These changes have to do with the general security of the e-mail server environment, how users are allowed to attach to it, and even how users are allowed to sign up for accounts with ISPs. While not emphasized in public discussions, including ASTA's conference call, the report emphasizes that these recommendations are at least as important to stopping spam as is sender authentication.
1. Close All Open Relays
Mail servers that allow third parties to relay mail through them without authentication let spammers remain anonymous, and such relays should be reconfigured as secure relays.
2. Monitor Formmail.pl And Other CGI applications
Formmail is used by web sites to send an e-mail to the site owner when a visitor submits information to the site, and the program can be installed insecurely. ASTA thinks that web site hosting organizations should regularly scan for programs that can insecurely send e-mail.
3. Configure Proxies for Internal Network Use Only
Open proxies can be used to anonymously send e-mail to any address, and allow communications on ports other than SMTP's standard (i.e., port 25) e-mail communications port. All proxy software should be configured to allow only internal network users to use the proxy.
4. Detect and Quarantine Compromised Computers
Viruses, worms, and other malicious software allow spammers to deposit back door proxies and open relays on user computers. All ISPs should develop methods for discovering such zombie computers either before they send spam, or when they send e-mail which is clearly spam. Such compromised computers should be removed from the network, quarantined, and not returned until repaired.
A secondary solution is to block Port 25, which is the route used by TCP/IP for outbound SMTP e-mail. Exceptions may be made for users with legitimate outbound e-mail needs.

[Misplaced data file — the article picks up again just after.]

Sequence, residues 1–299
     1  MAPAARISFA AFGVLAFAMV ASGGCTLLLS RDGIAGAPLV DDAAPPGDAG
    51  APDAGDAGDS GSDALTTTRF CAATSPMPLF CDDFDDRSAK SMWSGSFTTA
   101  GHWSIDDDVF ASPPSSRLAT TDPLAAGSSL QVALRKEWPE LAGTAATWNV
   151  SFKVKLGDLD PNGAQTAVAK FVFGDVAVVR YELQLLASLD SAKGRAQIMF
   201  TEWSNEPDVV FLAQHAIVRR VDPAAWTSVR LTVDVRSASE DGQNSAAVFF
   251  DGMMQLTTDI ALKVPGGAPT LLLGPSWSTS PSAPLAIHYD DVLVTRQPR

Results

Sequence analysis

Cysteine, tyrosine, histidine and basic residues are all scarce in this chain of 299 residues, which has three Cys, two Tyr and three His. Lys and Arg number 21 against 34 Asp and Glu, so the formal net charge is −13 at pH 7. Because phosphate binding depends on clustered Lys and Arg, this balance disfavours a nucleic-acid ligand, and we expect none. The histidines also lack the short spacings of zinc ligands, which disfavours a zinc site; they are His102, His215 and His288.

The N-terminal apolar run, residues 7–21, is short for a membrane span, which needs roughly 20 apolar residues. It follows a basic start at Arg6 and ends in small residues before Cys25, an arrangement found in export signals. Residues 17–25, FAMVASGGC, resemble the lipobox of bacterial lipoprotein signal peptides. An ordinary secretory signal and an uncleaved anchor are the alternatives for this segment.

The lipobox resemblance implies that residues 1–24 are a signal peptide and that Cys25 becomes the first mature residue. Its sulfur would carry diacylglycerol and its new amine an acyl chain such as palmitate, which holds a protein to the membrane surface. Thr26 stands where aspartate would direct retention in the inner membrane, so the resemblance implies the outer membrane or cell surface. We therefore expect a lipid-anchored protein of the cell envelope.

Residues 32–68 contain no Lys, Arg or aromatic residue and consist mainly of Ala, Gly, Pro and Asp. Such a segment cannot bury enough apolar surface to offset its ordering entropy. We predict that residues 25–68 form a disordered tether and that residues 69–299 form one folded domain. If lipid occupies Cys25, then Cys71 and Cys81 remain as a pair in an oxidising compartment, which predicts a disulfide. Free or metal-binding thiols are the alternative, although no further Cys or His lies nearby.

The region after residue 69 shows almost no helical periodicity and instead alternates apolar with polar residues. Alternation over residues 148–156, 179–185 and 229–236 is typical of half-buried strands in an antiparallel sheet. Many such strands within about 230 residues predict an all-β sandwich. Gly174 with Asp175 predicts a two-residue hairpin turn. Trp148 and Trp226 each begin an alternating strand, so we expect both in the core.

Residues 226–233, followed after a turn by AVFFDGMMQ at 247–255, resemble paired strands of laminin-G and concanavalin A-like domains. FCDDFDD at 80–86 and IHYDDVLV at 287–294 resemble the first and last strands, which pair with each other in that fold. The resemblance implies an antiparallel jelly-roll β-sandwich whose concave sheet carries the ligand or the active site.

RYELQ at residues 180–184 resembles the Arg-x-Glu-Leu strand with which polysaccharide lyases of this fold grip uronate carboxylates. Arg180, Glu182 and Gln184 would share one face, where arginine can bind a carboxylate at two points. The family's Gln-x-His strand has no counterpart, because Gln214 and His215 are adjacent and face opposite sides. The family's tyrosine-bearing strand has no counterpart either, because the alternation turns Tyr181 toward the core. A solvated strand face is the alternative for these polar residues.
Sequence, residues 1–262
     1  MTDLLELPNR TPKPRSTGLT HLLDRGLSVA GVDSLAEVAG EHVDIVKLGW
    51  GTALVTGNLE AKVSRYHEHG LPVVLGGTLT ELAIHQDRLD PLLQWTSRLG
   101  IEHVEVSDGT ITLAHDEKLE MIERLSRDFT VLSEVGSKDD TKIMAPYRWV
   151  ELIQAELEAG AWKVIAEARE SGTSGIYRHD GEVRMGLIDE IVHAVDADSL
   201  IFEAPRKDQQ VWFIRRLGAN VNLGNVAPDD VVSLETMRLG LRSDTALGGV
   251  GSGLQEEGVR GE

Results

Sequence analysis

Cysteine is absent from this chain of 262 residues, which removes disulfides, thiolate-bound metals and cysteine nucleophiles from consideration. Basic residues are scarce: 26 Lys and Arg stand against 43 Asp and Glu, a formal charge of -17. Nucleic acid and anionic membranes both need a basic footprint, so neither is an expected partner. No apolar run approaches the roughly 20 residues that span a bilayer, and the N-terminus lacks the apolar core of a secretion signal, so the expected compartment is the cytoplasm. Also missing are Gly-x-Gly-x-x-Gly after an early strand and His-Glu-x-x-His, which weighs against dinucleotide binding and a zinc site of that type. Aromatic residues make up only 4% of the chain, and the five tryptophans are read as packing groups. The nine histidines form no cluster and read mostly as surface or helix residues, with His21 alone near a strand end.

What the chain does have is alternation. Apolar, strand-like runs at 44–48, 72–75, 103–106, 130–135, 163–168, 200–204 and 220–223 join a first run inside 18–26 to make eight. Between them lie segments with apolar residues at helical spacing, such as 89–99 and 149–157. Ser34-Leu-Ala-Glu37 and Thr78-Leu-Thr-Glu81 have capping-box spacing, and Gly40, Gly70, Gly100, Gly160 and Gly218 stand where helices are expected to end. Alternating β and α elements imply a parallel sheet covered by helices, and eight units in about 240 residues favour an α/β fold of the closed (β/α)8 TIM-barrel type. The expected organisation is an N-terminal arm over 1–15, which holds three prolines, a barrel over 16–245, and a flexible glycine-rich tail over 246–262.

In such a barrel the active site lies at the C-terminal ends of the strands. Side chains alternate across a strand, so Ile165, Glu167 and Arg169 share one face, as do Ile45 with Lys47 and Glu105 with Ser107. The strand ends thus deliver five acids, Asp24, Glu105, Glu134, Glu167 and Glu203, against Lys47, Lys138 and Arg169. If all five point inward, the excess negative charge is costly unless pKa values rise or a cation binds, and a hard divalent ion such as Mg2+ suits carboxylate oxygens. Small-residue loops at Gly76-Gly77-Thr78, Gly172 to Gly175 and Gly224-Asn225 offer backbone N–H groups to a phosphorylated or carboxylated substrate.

5. Implemented Authenticated E-Mail Submission
SMTP does include sender authentication in the form of SMTP AUTH that could be required of e-mail senders. ISPs can also require e-mail senders to switch from Port 25 to Port 587 (Standard Mail Submission port for secure mail), which further enables shutting down SMTP's Port 25.
6. Remove Remote Access To Customer Premises Equipment
Spammers often use small business and home routers as relay points or proxies from which to forward spam. ISPs should check to make sure that remote access to such equipment is disabled, or that at least the equipment does not respond to a default (factory) password.
7. Implement Rate Limits On Outbound E-Mail Traffic
Compromised home and small business computers will send spam as an e-mail running at extraordinary rates, which is easy to detect. However implemented, such a "tar pit" approach will limit zombie-driven spam e-mail.
8. Control Automated Registration Of Accounts
Spammers have created methods for automatically registering millions accounts, especially with free ISPs, which can subsequently be used for spam, virus, or Denial of Service attacks. ISPs should develop methods to prevent such automatic generation of accounts.
9. Close Insecure Redirector Services
Redirection services that normally count clicks for advertisers on web pages can also be used by spammers who create what looks like a legitimate advertising site, and is used for acknowledging test-and-response messages among other things. These services should be secured so that third parties cannot use them without permission, and payment.
10. Develop Complaint Reporting Systems
All ISPs should develop a system that allows customers and external parties to report spam easily.
ASTA also had several recommendations for mass marketers to follow, which generally followed guidelines set down by the Direct Marketing Association and other industry groups. They included using opt-in, using valid domain names in reply-to addresses, and similar proposals. The group recommends that consumers to become more educated on the problem, to learn not to expose themselves to spam, and to use the anti-spam tools that are widely available to them.
The complete ASTA proposal can be found at each adopting company's Web site: